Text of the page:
I'm trying to identify a novel that retells the story of Ragnarok as a space opera. If I recall correctly, the protagonists were a small group of extraordinary individuals named after the Norse gods, while the antagonists were ordinary men who crewed starships with names like Surt, Fenris and Garm. It had many elements of Starship Troopers, Armor, and Ender's Game, although with a mythological rather than political slant. I bought the novel in a supermarket in the mid-to-late 1980s, so it was most likely published around that time. It predates Stephen R. Donaldson's Gap Cycle. I've since lost track of the book, and I haven't been able to figure out the title or who wrote it.

The story is primarily written from the point of view of the godlike protagonists, although if I recall correctly there are also counterpoint sections following the antagonists. The climax features a space battle roughly following the story of Ragnarok, with heavy losses on both sides (e.g., Odin is killed in combat with the ship Garm).

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    This was the plot of a tabletop campaign I was in. I feel somewhat cheated... Jun 16, 2013 at 19:09
  • @AdeleC Interesting! I wonder whether your GM read the same novel, or if it's just a common idea. I have no idea whether it was a good novel, although I enjoyed it as a teen. I suspect that it was written by a new author (or under a pseudonym) and that it's long out of print. Jun 16, 2013 at 19:12
  • Unfortunately, I'm not in touch with him anymore, or I would ask. Jun 16, 2013 at 19:18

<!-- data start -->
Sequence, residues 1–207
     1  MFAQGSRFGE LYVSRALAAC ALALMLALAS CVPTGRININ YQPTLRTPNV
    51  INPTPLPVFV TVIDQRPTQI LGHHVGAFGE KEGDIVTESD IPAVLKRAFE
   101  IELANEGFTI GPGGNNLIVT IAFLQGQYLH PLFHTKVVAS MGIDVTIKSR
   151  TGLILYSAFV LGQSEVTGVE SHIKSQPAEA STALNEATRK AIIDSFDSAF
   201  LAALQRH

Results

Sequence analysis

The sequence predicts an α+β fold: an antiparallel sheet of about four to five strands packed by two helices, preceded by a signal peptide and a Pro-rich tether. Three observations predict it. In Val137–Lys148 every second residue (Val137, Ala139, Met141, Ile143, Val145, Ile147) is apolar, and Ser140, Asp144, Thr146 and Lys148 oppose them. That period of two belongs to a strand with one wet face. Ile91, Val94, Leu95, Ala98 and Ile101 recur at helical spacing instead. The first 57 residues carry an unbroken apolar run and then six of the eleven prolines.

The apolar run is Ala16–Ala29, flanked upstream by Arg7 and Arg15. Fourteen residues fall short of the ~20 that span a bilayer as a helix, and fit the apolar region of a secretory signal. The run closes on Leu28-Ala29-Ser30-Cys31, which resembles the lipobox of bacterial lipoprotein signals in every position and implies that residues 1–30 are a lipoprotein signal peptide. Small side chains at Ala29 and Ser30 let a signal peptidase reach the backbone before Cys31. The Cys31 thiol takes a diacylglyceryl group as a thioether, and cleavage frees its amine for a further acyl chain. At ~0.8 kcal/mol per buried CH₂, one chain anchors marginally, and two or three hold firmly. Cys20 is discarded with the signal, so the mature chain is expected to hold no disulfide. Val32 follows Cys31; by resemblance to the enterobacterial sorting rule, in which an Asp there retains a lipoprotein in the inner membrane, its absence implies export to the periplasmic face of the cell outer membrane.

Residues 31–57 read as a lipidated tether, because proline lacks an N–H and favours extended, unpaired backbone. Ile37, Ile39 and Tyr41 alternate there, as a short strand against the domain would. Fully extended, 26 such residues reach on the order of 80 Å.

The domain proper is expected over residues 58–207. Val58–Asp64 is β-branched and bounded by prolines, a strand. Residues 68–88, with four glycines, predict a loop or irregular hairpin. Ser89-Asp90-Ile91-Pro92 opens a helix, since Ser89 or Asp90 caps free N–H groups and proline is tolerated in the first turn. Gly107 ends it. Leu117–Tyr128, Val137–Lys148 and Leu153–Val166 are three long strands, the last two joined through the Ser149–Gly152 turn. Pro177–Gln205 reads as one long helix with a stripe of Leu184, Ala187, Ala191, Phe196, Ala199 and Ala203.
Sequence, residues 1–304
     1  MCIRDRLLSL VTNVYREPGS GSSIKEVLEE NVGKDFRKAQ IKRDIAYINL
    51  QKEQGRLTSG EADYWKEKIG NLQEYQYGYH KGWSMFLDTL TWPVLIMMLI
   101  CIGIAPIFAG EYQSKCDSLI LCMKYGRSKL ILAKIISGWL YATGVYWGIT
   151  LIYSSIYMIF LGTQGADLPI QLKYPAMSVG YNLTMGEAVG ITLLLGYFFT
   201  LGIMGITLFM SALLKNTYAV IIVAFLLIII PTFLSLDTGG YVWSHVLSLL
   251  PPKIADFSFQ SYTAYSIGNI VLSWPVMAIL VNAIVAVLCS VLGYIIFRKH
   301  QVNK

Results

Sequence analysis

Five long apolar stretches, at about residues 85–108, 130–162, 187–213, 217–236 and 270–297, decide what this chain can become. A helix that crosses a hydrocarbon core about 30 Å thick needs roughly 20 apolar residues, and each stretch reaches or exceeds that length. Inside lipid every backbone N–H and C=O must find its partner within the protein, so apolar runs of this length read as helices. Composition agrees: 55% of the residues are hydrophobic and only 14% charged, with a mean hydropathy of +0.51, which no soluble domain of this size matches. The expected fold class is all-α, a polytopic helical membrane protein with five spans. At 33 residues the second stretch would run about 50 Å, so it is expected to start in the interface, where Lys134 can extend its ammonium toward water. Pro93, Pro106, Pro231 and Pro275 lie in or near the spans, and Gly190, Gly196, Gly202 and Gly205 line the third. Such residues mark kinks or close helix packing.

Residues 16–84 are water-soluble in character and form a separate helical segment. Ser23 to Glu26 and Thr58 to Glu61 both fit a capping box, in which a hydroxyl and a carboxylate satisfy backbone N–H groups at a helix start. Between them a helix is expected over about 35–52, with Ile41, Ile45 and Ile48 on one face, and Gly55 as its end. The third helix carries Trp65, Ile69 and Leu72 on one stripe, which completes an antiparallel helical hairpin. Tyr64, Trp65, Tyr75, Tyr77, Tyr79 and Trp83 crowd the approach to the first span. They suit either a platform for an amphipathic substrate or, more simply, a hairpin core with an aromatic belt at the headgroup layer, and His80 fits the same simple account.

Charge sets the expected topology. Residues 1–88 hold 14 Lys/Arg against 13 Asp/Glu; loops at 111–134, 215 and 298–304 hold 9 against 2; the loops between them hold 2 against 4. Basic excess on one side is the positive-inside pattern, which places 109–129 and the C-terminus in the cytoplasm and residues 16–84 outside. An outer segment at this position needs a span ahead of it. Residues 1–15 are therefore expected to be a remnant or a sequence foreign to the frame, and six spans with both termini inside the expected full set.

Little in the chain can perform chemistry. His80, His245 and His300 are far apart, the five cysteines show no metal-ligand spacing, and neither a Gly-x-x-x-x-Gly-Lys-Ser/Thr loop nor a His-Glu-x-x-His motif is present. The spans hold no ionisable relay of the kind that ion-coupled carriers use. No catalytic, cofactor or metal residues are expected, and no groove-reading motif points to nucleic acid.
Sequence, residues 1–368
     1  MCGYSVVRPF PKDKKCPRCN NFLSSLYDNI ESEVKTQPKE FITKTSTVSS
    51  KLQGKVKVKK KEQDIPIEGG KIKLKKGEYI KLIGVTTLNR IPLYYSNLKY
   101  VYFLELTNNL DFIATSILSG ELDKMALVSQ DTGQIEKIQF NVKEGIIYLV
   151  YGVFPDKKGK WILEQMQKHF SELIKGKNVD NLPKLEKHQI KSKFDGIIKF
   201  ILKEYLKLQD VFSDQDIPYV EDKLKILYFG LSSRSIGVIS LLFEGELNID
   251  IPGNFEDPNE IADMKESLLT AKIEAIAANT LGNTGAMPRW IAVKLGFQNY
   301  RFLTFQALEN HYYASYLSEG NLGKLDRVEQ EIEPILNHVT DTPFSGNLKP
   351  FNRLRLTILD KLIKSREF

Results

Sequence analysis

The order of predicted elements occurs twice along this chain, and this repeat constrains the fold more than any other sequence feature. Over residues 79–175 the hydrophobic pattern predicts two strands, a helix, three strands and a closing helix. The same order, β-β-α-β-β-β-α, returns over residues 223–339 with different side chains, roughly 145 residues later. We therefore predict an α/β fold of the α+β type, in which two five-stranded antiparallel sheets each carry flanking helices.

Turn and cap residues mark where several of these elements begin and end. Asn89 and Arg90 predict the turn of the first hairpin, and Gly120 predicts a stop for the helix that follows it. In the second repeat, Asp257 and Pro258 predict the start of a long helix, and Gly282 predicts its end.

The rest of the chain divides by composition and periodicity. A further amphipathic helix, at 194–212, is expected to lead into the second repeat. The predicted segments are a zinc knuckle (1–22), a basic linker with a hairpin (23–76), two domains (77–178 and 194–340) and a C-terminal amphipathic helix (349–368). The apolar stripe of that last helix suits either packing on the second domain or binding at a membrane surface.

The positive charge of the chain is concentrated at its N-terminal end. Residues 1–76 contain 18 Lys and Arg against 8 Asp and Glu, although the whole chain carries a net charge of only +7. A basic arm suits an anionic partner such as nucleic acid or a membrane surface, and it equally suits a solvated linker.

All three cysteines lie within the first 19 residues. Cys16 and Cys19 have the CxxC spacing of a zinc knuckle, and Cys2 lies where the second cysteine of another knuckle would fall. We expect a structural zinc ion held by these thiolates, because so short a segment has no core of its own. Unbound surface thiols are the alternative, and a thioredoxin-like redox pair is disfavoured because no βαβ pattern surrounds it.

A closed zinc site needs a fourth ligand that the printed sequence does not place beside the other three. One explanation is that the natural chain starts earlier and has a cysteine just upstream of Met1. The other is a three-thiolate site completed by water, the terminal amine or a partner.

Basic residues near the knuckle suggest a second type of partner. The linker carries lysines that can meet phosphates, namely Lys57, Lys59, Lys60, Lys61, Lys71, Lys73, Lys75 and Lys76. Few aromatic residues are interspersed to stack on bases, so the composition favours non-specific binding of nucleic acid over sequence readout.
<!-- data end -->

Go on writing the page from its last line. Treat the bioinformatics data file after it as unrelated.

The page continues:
• A high school buddy just asked me about this book today! Confirms the timeline for the book as late ’80s, but unfortunately he couldn’t remember the title or author either. He contacted me to find out. Oct 27, 2015 at 23:31
  • Turned up a book called "Starship Ragnarok: A Norse Gods Space Opera" by Alex R Oliver, but it was published in 2019 as far as I can tell so can't be that...
    – tardigrade
    Jan 8, 2021 at 19:59

4 Answers 4


Project Millennium (1987) by Curtis H. Hoffmann

"After long generations of peace, a kind of nostalgia has come to Muspell's Planet. And so some carnage is to be staged as 'entertainment' --- using entire planets as backdrops, and populations as expendable extras."

Ragnarok is being staged for a millennium celebration.

"But one question remains --- what will happen when the cannon fodder learns that every man, woman, and child of them has been created to be slaughtered for entertainment?"

The Science Fiction Encyclopedia's description is:

a tale told within a Space Opera frame, as it is set on a distant world (Muspell's Planet) run by Computers for the benefit of a jaded populace; but which focuses on another planet which the Muspell AIs have populated with battalions of Heroes out of Earth's past, both mythic and historical, and have set them against each other to entertain their own humans.

  • Thank you! While the plot blurbs do not align particularly well with my memory, I recognize the cover art and the author's name! This is almost certainly the book that I read back then, and my wife is looking for a replacement copy. May 21, 2021 at 1:39

Could it be The Survivors by Tom Godwin?

The Survivors is a science fiction novel by author Tom Godwin. It was published in 1958 by Gnome Press in an edition of 5,000 copies, of which 1,084 were never bound.